The first record of brewing at Rochefort dates from 1595. Hops and barley were grown near the abbey, as shown in old engravings. The early beer was not sold to the public.

The brewery is mentioned again in the 1650s, when damage by French troops necessitated repair. The French Revolution took its toll on St.-Remy when troops overtook the abbey and caused the monks to flee in 1794. In May of that year, local people sacked and looted the abbey. Later, secular owners destroyed many buildings.

The lands and ruins at St.-Remy changed hands a number of times until a former chaplain bought the property in 1886. Trappist monks from the Achel Monastery in Flanders soon came to live at St.-Remy and in 1899, after restoring the buildings, restarted the brewery operations.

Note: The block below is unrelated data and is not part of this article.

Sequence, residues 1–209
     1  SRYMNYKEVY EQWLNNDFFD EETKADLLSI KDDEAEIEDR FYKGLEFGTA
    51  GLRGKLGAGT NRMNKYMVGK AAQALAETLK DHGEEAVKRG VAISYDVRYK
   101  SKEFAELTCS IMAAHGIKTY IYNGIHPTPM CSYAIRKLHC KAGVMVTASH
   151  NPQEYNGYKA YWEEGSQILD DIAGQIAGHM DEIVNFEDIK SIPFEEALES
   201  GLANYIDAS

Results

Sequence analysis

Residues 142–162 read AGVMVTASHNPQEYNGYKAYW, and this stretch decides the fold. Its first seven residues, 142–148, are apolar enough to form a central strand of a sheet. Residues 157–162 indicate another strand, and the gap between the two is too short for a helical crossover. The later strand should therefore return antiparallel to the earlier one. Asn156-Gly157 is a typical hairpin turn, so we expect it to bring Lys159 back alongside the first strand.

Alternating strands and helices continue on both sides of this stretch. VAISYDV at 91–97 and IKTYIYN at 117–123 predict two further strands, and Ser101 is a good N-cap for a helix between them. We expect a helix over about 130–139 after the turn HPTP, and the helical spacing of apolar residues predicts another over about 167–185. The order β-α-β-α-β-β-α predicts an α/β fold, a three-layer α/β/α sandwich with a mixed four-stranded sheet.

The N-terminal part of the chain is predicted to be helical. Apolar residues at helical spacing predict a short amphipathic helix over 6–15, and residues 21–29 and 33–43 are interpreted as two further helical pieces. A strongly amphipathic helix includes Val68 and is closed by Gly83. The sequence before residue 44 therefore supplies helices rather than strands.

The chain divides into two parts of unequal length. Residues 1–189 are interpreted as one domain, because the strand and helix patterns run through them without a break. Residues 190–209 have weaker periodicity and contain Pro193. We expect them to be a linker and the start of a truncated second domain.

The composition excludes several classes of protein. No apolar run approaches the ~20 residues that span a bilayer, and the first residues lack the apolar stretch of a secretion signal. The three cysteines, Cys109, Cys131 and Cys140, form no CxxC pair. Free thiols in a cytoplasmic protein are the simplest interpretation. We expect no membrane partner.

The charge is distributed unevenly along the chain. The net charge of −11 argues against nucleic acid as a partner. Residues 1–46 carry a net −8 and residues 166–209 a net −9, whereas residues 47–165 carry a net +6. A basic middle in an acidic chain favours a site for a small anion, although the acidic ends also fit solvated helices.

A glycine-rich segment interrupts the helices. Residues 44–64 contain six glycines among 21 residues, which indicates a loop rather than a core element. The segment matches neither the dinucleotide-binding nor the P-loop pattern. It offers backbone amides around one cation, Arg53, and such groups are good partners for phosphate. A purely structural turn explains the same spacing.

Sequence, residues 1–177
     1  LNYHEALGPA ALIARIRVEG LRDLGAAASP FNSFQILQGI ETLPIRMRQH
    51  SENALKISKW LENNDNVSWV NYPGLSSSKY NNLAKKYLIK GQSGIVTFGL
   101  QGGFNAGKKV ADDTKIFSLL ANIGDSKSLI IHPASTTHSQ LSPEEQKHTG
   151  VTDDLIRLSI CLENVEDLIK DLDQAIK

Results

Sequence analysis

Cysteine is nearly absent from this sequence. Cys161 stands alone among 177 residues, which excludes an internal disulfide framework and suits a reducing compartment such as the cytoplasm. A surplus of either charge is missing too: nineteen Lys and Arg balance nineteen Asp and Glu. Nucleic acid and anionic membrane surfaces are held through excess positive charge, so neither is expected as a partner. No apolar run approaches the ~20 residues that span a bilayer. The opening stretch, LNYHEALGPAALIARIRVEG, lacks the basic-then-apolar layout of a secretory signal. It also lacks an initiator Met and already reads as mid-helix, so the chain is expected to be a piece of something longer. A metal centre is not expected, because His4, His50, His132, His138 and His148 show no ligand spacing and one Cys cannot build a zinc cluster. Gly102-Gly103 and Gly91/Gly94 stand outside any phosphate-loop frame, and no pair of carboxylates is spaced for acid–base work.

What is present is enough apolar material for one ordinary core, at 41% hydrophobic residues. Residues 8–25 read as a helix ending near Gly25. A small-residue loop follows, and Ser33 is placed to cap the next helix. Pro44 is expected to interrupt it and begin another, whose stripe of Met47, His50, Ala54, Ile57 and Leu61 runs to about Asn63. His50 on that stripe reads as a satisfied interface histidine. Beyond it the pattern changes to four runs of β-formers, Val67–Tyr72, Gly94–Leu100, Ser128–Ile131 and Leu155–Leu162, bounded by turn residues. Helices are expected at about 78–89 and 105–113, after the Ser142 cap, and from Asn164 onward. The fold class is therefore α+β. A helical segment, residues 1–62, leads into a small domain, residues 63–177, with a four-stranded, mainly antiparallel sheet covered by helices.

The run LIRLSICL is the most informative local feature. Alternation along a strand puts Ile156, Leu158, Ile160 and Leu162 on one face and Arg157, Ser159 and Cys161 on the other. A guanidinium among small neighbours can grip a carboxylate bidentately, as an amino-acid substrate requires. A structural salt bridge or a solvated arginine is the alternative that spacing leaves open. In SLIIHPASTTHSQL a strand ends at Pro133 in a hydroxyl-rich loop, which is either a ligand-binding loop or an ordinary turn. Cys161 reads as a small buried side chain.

The early equipment was rudimentary, and beer quality was variable but improved greatly after one of the monks was sent to the Catholic University at Leuven to learn brewing techniques. Beer in returnable, corked bottles was soon sold to visitors, and the brewery prospered until the German army took away the copper brewing vessels in 1918.

Rochefort 6, 8 and 10

With the help of Abbey Notre-Dame de Scourmont (Chimay), new equipment was installed at Rochefort and beer sales rebounded by 1920. By about 1949, the brewery was the primary source of income for the monks, and a shop was added to sell beer and other products. Up to 1952, there were only two brews: the monks’ table beer (“middel”), which was discontinued in 1973, and the forerunner of today’s Rochefort 6.